I already took a look at the Offensive MVP “Royalty” award, which went to Salvy pretty easily. Now, I am shifting my attention toward the “Best Starting Pitcher” award, which was pretty easy to identify, but a little bit closer than the Offensive MVP award in my opinion.
Before I get into the individual runners-up and award-winner profiles, I think that the Royals starting pitching staff deserves a shout out as a collective. From 2018-2019, the Royals starting pitching struggled immensely. They ranked 26th in starting pitching wins via WAR; 26th in terms of starting pitcher ERA; and 26th in terms of starting pitcher FIP. (See a pattern?) And thus, it is not a surprise that general manager Dayton Moore has opted to build up the starting pitcher depth in the Royals farm system the past couple of years through the draft, with pitchers such as Brady Singer, Kris Bubic, Daniel Lynch, Jackson Kowar, and Asa Lacy being the main youngsters tabbed to turn around the Royals’ rotation in the near future.
Even though only Singer and Bubic debuted this year, the Royals saw some gains in the rotation in 2020, according to Fangraphs. While they only ranked 25th in WAR, they did improve their starting pitcher ERA to 18th in the league and FIP to 22nd. And hence, while the Royals starting rotation hasn’t made a total turn-around just yet, they certainly made some strides in 2020 that should give Royals fans hope for 2021 and beyond.
And with that being said, let’s take a look at the two runners up and the winner of the 2020 “Starting Pitcher of the Year” Royalty award.
2nd Runner Up: Kris Bubic, LHP
Royals fans can go back and forth on whether the rookie lefty out of Stanford or the veteran Danny Duffy was more deserving of this spot. While Duffy did hold an edge on Bubic when it came to wins (4 to Bubic’s 1), Bubic posted a better ERA (4.32 to 4.66) and FIP (4.75 to 4.76) than the Duffman. Furthermore, Bubic seemed to get better over the course of the year, with some solid performances that went into the later innings, while Duffy seemed to show that the bullpen ought to be his destiny in 2021, or 2022 at the latest.
Bubic didn’t have the sensational finish that fellow rookie, Brady Singer, had, but he still proved to be solid nonetheless. Of Royals starting pitchers who pitched 20 or more innings in 2020, Bubic induced the slowest average exit velocity of balls hit off of Royals starting pitchers (87.3 MPH). Furthermore, he also induced the second-highest swinging strike rate (10.3 percent) and lowest contact on pitches inside the strike zone (79.6 percent), which shows how nasty his stuff can be at times, even if it may not be the most intimidating velocity-wise (at 91.5 MPH, his fastball was the second-slowest of Royals pitchers with 20 or more IP).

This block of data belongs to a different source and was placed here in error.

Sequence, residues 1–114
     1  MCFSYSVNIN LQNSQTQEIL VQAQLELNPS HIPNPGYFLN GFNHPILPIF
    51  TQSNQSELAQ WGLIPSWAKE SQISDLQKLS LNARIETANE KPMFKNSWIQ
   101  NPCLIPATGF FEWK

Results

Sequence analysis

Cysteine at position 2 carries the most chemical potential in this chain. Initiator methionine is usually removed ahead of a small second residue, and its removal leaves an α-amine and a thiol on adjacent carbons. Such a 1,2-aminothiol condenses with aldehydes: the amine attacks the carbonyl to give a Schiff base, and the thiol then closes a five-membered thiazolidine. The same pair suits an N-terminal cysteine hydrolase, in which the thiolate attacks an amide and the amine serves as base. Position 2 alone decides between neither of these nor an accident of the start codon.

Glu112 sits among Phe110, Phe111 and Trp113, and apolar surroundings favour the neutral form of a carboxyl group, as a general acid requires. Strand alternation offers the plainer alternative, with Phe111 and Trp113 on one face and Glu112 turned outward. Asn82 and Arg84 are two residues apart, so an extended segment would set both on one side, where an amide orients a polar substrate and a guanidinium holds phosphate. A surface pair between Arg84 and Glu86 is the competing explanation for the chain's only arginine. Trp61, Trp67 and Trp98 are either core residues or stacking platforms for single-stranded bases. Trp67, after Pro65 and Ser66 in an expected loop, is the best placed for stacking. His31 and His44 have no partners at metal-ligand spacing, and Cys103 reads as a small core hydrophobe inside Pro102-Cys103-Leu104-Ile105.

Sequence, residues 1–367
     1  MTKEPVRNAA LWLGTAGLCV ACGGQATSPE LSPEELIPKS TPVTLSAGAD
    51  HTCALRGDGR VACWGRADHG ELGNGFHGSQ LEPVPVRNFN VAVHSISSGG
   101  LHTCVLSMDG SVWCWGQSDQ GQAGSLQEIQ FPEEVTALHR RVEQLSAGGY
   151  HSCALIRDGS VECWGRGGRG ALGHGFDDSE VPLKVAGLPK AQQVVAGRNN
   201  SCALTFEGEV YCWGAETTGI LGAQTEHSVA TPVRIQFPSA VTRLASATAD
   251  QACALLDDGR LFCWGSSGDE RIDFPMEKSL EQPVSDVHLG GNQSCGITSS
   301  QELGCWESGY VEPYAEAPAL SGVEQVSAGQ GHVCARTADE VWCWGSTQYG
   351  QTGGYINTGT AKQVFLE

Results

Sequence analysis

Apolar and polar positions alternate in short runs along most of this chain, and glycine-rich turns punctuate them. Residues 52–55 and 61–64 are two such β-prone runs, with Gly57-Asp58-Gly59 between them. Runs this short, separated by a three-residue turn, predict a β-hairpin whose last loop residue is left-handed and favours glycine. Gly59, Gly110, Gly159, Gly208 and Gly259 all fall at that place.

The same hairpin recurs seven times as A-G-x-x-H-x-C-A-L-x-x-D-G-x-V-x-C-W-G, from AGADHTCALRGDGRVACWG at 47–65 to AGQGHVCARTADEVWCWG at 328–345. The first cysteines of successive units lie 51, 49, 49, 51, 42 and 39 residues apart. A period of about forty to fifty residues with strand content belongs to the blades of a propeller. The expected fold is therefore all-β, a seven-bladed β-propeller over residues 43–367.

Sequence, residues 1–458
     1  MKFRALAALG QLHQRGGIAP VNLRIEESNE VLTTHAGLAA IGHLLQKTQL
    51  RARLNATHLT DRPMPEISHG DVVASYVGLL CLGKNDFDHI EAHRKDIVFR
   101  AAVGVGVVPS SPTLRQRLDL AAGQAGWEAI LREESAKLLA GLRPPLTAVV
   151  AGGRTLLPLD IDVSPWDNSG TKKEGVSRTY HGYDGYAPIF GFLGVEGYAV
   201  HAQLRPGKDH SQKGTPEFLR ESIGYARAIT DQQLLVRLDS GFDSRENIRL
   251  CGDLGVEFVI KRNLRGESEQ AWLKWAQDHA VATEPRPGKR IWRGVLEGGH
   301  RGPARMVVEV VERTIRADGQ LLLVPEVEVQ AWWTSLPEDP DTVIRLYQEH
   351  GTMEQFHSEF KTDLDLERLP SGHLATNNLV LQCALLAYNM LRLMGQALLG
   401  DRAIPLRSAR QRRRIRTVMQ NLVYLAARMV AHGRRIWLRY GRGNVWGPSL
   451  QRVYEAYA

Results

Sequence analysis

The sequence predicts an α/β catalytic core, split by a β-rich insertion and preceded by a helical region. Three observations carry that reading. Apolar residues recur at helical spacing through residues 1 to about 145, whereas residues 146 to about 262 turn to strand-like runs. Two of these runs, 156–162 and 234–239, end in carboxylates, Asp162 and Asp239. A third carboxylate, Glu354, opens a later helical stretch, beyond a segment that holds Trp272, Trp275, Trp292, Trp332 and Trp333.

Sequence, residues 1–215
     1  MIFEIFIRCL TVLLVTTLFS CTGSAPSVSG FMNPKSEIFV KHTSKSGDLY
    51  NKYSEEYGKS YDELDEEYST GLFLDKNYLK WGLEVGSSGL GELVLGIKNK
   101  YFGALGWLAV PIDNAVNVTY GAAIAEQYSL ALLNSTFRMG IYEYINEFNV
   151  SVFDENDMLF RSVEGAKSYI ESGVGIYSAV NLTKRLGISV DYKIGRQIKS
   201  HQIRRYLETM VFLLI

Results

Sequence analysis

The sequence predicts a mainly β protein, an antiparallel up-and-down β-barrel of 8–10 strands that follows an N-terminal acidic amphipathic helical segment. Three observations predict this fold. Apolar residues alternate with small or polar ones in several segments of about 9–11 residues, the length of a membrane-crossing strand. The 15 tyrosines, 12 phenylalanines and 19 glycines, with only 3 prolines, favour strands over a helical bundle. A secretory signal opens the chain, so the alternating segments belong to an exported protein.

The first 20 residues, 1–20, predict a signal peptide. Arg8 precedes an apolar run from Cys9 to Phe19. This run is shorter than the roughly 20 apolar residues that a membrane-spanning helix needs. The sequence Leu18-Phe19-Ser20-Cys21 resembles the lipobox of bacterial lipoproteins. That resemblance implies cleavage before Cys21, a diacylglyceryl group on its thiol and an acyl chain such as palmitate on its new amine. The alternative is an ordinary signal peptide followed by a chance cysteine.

However, while Bubic certainly showed some promise in his rookie season, there will be plenty for him to work on this Winter. He still has to hone his control and command so that he can limit the long ball, as well as walks. Bubic led all Royals starting pitchers with 20 or more IP in BB/9 rate (3.96) and he also had the lowest first-strike percentage as well (47.7 percent; which was nearly 10 percent lower than the next lowest Royals starting pitcher in this category). Furthermore, his control issues also greatly affected his ability to hit his desired spots consistently, as hitters took advantage of Bubic getting behind in the count on frequent occasion, as evidenced by his 17 percent HR/FB rate, which was only lower than Jakob Junis.
Bubic has all the tools to be a good pitcher at the MLB level and he showed that at times in 2020. That being said, how his control and command develops in 2021 could make the difference between Bubic being a No. 2 or 3 starter, or simply a spot one at the end of the Royals rotation in the future.
1st Runner Up: Brady Singer, RHP
No Royals pitcher was hotter down the stretch than Singer, who nearly threw a no hitter this season against the Cleveland Indians (he lost it in the 8th inning). For the year, Singer posted a 4-5 record, 4.06 ERA, 4.08 FIP, and 1.0 WAR over 12 starts and 64.1 innings. Singer also posted the second-highest K rate (23.2 percent) and highest groundball rate (53.1 percent) of Royals starting pitchers with 20 or more innings. Hence, the the former first round pick showed in his rookie year that he could not only get hitters out in a variety of ways, but he had the makeup and composure to produce a good stretch of games on the mound (which he did in the last few weeks of September).